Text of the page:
Sunday, 26 June 2011

The land of poppies, turtles and kebabs...well that's not all, folks!

One of the reason I have been less present on the blog is that I've been on holidays in a magic, amazingly beautiful and contradictory country: Turkey.

Turkey is full of stunning ancient sites such as Ephesus, Priene and Bergama where Romans and Greeks have battled and mixed. Culture and traditions are the result of a mix of extreme Europe and Minor Asia and a rural structure. Beaches are long and used by sea turtles to nestle at night. The sea is turquoise. On the other side I have to say that the country is full of crazy drivers and disgusting massive buildings destroying the natural beauty of part of the coast. Talking about food I have to say against the common thoughts that Turkish food is not only Kebap (this is actually the right spelling...I guess the final B is the result of a translation).
Honestly Turkey is not really a grand gourmet country. Most of the restaurants offer simple food and a friendly and relaxed service and you will find a lot of places where the waiters have the very annoying custom of calling passing customers from the street to invite them in. But the ingredients are normally so tasty and genuine that even the simplest dish will warm you heart.
A couple of places more than others really impressed me, not only for the food that was great but for location and staff. The first was a small fish restaurant in the Dilek Peninsula, close to Doganbey (unfortunately I am not sure about the name, but it could be Karina) with tables straight on the beach. Just few meter from the police station where the park becomes a military zone, this cosy place offers the freshest fish for the best price I ever had. The grilled sea bream I had was the best of my life.It was succulent and perfectly cooked, and the meze we had as starters were perfectly matching the stunning landscape.
Another restaurant that we really enjoyed was inland, at our first stop on the mountains beyond Bursa. It is just on the way to the Uludag Milli Park (and once again I am not sure about the name, but should be something like Villa...). We had lot of fun there! No one was speaking in English, but we managed to order and also to spot and explain a little mistake on our bill. They brought us fresh meat and a little BBQ and asked (gesticulating) if we would have preferred to cook the meat by ourselves.

And this is what we did....and everything was extraordinarily tasty an fresh. The lamb was just melting in the mouth and the tomatoes were incredibly juicy. The location was also great on a terrace overlooking Bursa at night.Romantic and beautiful but in a very simple way.

The last restaurant I'll be telling you about was my favourite of the entire trip. Sarnic is located in Kayakoy the Ottoman ghost town few kilometers far from Oludeniz, a very atmospheric and fascinating place. The restaurant is  a little gem unfortunately not that easy to find being on a secondary road.We went there twice and both times had a wonderful time. The restaurant was actually empty, but it didn't feel bad at all (at least not for us!). It was actually extremely romantic to have a place for ourselves in that beautiful courtyard of a restored 400 years old Ottoman house decorated with flowers and candles. And not only the location and ambience were great. The service was sharp but extremely friendly (we really enjoyed a lovely conversation with the brothers owning the premises) and the food was delicious without being pretentious. They even grow their vegs in their own garden that is certainly a plus! Also I had the chance to taste a good Turkish red wine from Kappadokia (Kalecik Karasi) extremely interesting and wonderfully pairing our lamb slow cooked with herbs.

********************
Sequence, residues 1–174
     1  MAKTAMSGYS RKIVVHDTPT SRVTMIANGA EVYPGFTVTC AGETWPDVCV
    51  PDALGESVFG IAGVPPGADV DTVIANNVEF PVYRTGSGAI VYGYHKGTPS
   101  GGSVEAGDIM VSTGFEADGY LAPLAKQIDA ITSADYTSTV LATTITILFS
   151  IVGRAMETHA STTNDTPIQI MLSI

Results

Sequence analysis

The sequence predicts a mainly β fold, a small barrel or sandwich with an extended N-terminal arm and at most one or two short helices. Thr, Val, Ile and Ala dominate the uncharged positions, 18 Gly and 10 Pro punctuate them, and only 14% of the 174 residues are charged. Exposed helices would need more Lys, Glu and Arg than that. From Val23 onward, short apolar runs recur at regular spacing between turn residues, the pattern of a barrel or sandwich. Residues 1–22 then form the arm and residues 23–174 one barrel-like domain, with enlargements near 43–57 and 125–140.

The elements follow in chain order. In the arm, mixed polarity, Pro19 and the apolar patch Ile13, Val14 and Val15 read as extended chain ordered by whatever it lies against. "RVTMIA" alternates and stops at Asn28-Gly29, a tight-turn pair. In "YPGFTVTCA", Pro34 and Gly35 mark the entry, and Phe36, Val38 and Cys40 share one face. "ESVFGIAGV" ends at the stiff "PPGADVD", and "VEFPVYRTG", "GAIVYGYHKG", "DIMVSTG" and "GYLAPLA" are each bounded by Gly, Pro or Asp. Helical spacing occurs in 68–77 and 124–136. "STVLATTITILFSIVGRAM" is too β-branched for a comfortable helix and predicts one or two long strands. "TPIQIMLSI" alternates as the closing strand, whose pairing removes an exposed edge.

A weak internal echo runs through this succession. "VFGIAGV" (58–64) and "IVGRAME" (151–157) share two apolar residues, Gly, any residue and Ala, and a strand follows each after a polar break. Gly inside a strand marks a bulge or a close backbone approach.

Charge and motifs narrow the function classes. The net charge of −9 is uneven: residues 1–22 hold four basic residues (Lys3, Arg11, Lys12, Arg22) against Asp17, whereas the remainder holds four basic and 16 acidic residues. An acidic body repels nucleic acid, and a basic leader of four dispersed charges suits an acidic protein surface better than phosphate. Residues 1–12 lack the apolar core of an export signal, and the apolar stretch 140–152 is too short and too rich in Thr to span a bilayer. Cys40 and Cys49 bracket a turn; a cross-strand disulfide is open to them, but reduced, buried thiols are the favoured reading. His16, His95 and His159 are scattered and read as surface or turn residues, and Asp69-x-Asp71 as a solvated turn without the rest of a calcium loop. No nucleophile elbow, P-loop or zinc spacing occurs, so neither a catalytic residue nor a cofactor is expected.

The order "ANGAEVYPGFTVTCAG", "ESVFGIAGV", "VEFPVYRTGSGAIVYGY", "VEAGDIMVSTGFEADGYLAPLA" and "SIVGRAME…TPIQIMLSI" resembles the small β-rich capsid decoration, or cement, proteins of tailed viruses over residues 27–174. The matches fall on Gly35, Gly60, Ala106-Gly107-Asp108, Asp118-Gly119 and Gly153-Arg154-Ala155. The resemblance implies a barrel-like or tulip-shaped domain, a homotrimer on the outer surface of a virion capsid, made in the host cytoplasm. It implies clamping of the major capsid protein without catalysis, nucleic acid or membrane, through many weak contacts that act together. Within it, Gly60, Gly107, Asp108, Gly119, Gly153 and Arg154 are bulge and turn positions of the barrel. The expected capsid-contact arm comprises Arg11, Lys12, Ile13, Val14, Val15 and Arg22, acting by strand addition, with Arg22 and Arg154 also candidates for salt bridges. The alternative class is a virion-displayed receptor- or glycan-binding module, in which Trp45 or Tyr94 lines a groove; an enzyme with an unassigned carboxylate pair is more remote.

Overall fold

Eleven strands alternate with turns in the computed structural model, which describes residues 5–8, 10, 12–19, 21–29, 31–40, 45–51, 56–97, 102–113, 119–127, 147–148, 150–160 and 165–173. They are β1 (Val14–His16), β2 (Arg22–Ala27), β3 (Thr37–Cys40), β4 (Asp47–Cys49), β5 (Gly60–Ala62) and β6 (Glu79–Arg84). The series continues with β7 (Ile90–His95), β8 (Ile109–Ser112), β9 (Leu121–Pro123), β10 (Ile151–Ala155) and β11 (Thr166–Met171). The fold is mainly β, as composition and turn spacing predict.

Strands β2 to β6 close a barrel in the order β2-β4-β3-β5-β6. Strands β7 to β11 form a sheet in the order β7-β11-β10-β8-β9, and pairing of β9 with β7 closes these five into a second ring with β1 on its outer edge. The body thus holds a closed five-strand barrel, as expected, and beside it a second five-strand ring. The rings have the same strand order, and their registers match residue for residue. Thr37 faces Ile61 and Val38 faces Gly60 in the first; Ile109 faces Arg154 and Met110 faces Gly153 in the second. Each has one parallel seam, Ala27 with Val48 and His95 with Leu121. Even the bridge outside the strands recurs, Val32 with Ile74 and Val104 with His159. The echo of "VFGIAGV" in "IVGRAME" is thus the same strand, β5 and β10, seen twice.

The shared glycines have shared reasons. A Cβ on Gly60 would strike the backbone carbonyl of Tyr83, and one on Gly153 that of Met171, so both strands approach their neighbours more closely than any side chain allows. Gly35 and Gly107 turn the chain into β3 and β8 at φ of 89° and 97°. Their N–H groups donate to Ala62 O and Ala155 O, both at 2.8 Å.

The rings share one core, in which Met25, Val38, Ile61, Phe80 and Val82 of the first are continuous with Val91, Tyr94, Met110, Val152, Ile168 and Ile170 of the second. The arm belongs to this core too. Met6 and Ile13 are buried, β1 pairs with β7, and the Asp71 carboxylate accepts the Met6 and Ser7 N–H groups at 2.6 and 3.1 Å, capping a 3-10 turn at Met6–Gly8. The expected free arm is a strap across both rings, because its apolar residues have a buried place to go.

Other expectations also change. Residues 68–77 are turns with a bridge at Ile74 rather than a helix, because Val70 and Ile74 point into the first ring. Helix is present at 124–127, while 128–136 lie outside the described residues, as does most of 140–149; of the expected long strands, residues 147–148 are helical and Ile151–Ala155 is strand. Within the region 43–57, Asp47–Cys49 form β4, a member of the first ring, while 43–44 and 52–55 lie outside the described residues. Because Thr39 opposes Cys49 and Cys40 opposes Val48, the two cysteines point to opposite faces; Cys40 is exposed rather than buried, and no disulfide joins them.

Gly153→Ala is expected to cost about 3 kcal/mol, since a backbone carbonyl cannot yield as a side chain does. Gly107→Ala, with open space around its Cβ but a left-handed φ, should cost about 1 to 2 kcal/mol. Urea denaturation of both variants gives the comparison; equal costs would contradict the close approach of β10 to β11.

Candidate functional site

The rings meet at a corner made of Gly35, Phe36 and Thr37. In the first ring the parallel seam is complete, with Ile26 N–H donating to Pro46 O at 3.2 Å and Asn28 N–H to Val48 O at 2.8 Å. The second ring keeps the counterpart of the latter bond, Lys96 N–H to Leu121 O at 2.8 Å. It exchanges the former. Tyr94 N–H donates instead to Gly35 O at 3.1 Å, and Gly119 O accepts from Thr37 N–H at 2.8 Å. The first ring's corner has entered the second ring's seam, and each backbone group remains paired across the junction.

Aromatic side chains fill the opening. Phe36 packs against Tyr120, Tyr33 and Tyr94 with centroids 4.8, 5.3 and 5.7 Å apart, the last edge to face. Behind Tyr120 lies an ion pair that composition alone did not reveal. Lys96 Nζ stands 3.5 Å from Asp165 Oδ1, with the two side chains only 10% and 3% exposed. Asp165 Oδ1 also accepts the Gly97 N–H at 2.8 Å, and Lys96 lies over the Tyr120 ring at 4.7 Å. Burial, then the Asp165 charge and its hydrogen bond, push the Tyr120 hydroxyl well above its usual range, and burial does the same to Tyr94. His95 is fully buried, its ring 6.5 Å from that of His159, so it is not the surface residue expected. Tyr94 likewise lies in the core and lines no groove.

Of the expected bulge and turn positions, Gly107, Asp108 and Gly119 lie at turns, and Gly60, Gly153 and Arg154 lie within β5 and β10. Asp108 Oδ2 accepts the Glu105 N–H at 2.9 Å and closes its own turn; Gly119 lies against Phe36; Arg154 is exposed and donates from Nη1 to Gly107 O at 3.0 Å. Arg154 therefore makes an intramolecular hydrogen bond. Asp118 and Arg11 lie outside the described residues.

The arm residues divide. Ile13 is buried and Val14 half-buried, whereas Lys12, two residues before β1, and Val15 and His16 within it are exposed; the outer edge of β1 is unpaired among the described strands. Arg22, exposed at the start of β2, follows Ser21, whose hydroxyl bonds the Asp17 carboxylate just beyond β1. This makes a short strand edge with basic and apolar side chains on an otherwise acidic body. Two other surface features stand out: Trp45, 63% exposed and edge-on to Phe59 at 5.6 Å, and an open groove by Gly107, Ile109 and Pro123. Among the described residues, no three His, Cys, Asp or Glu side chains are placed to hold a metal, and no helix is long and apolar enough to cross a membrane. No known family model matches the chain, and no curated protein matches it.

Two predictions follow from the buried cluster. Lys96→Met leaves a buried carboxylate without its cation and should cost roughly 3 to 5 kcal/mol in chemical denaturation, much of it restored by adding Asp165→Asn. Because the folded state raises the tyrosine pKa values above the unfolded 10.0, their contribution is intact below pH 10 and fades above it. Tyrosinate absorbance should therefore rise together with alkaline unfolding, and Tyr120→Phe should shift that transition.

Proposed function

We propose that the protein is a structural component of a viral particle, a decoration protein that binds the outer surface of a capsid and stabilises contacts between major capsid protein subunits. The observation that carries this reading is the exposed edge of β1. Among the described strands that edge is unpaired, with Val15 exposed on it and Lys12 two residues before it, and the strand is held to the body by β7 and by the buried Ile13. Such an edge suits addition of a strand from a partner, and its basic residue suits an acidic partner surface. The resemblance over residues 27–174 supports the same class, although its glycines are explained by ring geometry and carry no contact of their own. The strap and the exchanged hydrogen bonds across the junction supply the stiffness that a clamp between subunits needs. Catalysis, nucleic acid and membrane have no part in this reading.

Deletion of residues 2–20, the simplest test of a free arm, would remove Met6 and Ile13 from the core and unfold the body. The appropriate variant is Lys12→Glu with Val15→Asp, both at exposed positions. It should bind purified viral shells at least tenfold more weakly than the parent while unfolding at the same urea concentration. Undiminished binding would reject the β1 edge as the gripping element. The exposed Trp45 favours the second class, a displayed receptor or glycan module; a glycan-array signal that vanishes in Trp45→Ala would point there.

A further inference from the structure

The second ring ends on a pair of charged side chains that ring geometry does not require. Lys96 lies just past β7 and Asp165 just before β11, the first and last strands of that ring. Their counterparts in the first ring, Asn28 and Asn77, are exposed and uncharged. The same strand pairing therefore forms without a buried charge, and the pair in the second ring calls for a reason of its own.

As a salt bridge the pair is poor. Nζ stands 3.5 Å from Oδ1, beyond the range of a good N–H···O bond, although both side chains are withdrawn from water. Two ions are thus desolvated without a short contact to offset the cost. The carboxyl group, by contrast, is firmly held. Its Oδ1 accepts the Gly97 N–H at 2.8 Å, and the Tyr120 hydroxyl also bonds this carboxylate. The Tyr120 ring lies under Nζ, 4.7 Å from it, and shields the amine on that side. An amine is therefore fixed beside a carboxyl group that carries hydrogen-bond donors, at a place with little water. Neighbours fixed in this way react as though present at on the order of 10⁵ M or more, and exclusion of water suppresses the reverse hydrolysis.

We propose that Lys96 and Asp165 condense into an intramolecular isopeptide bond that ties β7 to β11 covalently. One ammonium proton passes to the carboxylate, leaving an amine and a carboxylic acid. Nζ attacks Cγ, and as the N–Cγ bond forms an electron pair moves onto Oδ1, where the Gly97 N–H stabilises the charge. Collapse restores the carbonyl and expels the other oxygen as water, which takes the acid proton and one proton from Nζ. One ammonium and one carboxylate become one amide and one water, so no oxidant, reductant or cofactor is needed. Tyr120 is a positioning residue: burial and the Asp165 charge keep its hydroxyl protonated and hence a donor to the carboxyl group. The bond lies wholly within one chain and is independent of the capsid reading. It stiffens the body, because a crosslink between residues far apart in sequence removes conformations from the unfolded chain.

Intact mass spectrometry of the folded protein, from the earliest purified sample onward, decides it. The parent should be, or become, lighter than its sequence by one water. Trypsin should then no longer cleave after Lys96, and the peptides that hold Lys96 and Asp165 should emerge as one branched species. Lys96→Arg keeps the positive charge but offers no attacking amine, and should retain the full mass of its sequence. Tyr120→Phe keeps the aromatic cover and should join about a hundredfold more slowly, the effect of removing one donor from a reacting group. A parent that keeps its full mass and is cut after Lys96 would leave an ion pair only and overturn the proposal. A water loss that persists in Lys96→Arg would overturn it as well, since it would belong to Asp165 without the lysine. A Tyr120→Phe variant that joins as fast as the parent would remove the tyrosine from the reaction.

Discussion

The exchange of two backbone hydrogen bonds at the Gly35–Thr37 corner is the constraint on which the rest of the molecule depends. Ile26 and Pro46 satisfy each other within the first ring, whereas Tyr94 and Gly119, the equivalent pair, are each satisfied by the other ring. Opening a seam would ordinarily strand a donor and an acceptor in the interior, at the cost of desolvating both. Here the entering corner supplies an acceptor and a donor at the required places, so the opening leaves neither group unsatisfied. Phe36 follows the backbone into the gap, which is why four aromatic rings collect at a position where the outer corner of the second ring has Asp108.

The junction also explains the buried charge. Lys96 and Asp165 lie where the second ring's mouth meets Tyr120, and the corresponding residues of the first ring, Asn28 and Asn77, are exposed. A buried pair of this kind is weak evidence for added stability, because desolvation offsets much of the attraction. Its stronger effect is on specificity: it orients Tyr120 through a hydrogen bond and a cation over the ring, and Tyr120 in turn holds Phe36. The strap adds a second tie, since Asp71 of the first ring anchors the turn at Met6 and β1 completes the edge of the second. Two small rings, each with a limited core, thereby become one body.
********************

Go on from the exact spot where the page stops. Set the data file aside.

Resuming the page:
If you are travelling  around the Aegean Coast of Turkey make sure you are not going to miss it!!!

Meraba!

Friday, 10 June 2011

Hungarian quiz

How many of you know what is the primary grape for Tokaji, the Hungarian, delicious and famous sweet wine? No no no...no reason to cheat and google it! I am afraid there won't be any other prize than a little bit of wine love sharing! It is the Furmint an almost anonymous grape variety that reigns over Hungarian viticulture but it is also planted in other countries such as Austria, Croatia, Slovakia, Romania and even the regions of formerly Soviet federation.
I have to confess that I couldn't memorize the name of this grape for years, until the moment when I had the chance to taste a Tokaji. But since then it suddenly stayed clear in my mind.
The grape's origins are not exactly clear but likely it was introduced in Hungary around the 13th century during King Bela's reign as a result of his efforts to revitalise his country viticulture.

This white varietal main characteristic is that it is affected by botrytis. So the berries, overripe and nobly rotted are pressed and the result is a golden, marzipany, luscious, sweet nectar whose amount of sugar is counted in puttonyos (3 to 6 being 6 the sweetest). The grape has also a natural high level of acidity and alcohol that give a perfect balance to the sugars, fantastic longevity and great ageing potential.
For centuries Furmint has been used mainly for Tokaji in blend with Harslevelu.But from the 21st century its potential for dry wine production have finally been discovered and since then interest and attentions have more and more increased.
The dry style Furmint has a good acidity, fruity flavours of pear and lime, a smokey and mineral background and a medium/light texture.
If it's almost impossible to find them in supermarket and sometimes difficult even in wine shops, it is probably due to the difficulties to cultivate the grape that means of course very small yields,and consequently very high prices.

Tuesday, 7 June 2011

S.P.Q.R. (or the tasty flowers...)


This is the season when courgettes are flowering and their flowers look really beautiful, but to be honest...they taste even better! Unfortunately it is not easy to find them in supermarket here in UK, but you can get them growing your own courgettes in the garden! The most famous Italian recipe with courgettes flowers is from Rome and it is one of typical starter you would be offered in a Pizzeria.